If you’re looking to have an extension added to your home and or business unit there are distinct advantages to having a flat roof choice over a standard pitched one. Let’s look at what the definition of a flat roof is and what is needed to assemble it on the building. If you’re looking for a company that can sort one out for you then why not try this Plymouth flat roofing company at the following link http://centralroofingsw.co.uk/grp-flat-roofing-plymouth/ They can advise and quote on what you’re looking for. Before you do that lets have a look at what options a flat roof entails so to give you a bit more knowledge on this building addition.
The first thing to clear up about flat roofs is that they are not in fact flat at all. There are no such things as a flat roof because if it was flat then the rain water would clear and it would collect on the roof causing puddles and promoting damp. So, not flat although they appear to be. There is in fact the slightest of slopes. This slope does not have to be that great; in fact you’re unlikely to even detect it should you walk on the flat roof. It only needs to be a slight incline of a few degrees to ensure that any subsequent rain water is swilled away down to the awaiting drainpipe and guttering. It is ok then to attach a water butt, you will get some eventually.
Flat roofs are used in construction for a variety of reasons but the most usual reason is one of cost. When you look at the cost of a pitched roof while it will ensure that no rain water is collected at all, although neither will the flat roof as it is not flat, the amount of work involved may make the cost particularly prohibitive. The reason is that the workmanship involved in a pitched roof, namely tiling and construction, pushes the price of the roof up to a considerable amount more than the flat. This is because the flat roof can be easily installed as one unit and attached to the ceiling joists of the new building. This greatly reduces the workmanship costs and also means that the timings are greatly reduced.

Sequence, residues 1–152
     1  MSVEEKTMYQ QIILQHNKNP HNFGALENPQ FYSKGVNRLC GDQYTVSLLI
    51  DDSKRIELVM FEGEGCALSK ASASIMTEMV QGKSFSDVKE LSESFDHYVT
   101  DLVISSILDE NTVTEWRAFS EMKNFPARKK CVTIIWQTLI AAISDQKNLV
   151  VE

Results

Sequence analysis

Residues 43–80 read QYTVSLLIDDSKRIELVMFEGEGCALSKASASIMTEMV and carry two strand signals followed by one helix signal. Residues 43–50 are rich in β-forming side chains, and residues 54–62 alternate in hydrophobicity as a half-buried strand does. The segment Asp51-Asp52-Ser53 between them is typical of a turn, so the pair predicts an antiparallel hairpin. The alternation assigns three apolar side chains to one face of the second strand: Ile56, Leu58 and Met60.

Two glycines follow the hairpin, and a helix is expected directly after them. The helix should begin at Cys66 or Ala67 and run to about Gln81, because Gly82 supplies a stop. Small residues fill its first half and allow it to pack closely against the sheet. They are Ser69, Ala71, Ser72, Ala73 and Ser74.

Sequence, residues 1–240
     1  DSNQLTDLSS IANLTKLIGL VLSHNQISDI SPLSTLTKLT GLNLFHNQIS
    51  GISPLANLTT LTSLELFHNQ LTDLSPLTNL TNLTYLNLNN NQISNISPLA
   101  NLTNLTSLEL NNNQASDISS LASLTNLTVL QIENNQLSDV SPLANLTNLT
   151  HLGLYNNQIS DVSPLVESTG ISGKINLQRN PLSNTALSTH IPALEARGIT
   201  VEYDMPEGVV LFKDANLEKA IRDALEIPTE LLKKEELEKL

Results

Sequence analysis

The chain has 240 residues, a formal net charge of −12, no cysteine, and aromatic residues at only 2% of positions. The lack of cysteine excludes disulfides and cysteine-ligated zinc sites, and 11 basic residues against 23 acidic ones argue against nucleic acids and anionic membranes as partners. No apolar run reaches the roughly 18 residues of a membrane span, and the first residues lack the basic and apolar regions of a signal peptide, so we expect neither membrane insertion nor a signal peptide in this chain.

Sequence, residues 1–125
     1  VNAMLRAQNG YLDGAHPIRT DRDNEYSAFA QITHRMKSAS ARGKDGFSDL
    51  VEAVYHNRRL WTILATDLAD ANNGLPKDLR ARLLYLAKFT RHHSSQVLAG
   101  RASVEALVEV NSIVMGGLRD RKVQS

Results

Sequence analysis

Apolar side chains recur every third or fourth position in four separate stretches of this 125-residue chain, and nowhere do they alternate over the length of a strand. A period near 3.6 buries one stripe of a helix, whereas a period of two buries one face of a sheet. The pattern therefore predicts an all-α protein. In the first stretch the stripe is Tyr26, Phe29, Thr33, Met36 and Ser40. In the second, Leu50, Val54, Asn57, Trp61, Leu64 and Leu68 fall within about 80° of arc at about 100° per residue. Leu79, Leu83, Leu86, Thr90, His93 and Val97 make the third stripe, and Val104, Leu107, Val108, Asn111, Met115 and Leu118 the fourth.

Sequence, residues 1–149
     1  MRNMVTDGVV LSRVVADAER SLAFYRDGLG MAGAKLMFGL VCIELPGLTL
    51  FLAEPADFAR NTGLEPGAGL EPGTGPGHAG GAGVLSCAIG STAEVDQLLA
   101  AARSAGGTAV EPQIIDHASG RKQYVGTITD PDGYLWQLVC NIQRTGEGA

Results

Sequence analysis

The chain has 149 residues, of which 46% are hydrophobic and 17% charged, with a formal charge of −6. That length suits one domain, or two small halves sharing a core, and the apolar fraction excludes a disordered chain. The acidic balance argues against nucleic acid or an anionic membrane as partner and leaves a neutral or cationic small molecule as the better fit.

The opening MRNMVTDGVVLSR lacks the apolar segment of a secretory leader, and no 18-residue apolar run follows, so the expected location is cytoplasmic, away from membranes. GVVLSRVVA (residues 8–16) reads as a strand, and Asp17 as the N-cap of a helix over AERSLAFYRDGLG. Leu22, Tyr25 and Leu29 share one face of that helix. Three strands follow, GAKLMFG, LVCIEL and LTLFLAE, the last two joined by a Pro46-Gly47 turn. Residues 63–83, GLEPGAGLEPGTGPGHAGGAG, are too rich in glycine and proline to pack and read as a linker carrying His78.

The flat roof is not without its problems, although membrane technology has come a long way from the thin layer of mineral felt and equally thin layer of stone chips that was employed before. If not checked and treated with regularity the membrane can crack and burn, certainly in extremely hot weather although this is rare in Britain. Why not follow the link to get more details now you have a working knowledge of the flat roof.